Bob Schieffer, the retired CBS anchor and author of a new book “Overload: Finding the Truth in Today’s Deluge of News,” said he wasn’t surprised that the Newseum had struggled to raise funds from news organizations and journalists.
“I think it’s probably more difficult now than ever because you have these big newspaper chains, their revenues are down,” Mr. Schieffer said.
In 2015, the last year for which figures are available, the Newseum collected $6.3 million in donations, or about 10 percent of its budget, a small amount for a museum of its size.
That has put pressure on the Freedom Forum to make up any shortfalls. In 2007, the Freedom Forum’s endowment was at a little more than $550 million. Two years later, in the Newseum’s first full year of operation in the new building, it shrunk to below $400 million. That same year, it provided $52.4 million of the Newseum’s $92 million budget.
“For large, mature museums,” Ms. Wilkening, the consultant, said, “very few are likely to have a single donor or foundation contributing even five percent of their operating budget.”
That budget has been trimmed significantly in recent years, and there have been four rounds of layoffs.
In addition, the museum has boosted its revenue from other sources and took in $21.4 million in 2015 as an event space for conferences and weddings, up from $12.1 million in 2011.
Ms. Neuharth and Mr. Williams said that the financial review was in the early stages and could have initial findings by the end of the year. As part of the review, the officials will convene a team that includes real estate experts, financial advisers, senior staff and trustees, among others, to try and make the Newseum and the Newseum Institute, its related educational center, sustainable over the long term.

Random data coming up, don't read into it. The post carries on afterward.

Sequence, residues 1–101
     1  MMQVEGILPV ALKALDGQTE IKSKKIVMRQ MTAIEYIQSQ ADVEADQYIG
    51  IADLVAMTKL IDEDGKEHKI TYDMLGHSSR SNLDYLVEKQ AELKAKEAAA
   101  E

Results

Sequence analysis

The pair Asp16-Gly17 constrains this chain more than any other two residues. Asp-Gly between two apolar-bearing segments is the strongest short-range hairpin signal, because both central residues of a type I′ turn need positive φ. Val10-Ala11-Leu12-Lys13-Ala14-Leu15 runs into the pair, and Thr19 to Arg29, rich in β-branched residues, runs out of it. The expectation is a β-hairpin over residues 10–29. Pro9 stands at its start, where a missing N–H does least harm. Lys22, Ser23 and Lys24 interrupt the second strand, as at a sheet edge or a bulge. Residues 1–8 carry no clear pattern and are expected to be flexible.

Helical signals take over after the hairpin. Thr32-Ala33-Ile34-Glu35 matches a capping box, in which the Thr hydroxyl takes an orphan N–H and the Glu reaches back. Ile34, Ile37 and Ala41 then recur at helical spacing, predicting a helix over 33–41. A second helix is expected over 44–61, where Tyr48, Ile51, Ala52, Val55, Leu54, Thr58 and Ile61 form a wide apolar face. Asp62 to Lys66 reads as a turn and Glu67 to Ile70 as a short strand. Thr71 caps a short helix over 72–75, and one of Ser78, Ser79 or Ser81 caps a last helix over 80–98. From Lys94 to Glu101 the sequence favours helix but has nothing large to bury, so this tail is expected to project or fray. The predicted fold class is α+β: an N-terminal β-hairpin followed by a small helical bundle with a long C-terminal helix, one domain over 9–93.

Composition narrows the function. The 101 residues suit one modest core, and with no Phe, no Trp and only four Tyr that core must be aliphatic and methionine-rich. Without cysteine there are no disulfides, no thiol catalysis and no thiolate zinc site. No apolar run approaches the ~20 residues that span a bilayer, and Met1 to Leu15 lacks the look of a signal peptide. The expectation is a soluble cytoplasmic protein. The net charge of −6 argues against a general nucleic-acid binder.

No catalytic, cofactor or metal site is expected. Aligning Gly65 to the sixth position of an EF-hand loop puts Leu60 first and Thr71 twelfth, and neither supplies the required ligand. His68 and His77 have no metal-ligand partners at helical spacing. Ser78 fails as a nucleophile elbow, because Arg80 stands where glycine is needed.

Wayne Reynolds, a Washington-based philanthropist and a former Newseum board member, said he did not expect the review would find some miracle cure.
“They’ve known for years that their institution is unsustainable,” Mr. Reynolds said. “To have a strategic review at this point seems ludicrous.”
Mr. Reynolds said he was a museum trustee for about a year before resigning in 2015. Among the reasons he cited for leaving: “Their unwillingness to change their direction.”
Among his objections: the size of the admission fee, which he said was an obstacle to building attendance.
“It’s the fact that they’re charging $24 a person to go through a place,” Mr. Reynolds said. “Every other place that they are competing against along the Mall is free.”
Though the Newseum is listed as a popular attraction on TripAdvisor, attendance is still meager compared with other top museums in the area, many of which are federally funded. The National Air and Space Museum, for example, a division of the Smithsonian that charges no admission, has already taken in 5.8 million visitors this year, according to data reported through September.
Will President Trump’s attacks on the news media spur attendance, or hurt?
So far, the museum’s popularity seems to be on the upswing. But admissions, even at the most popular museums, typically offset only a fraction of an institution’s operating budget. So the solutions will need to be much broader, museum officials agree.
“Our advocacy is more important than ever,” Ms. Neuharth said. “We need to get a handle on the finances so that going forward for generations to come we can continue that advocacy.”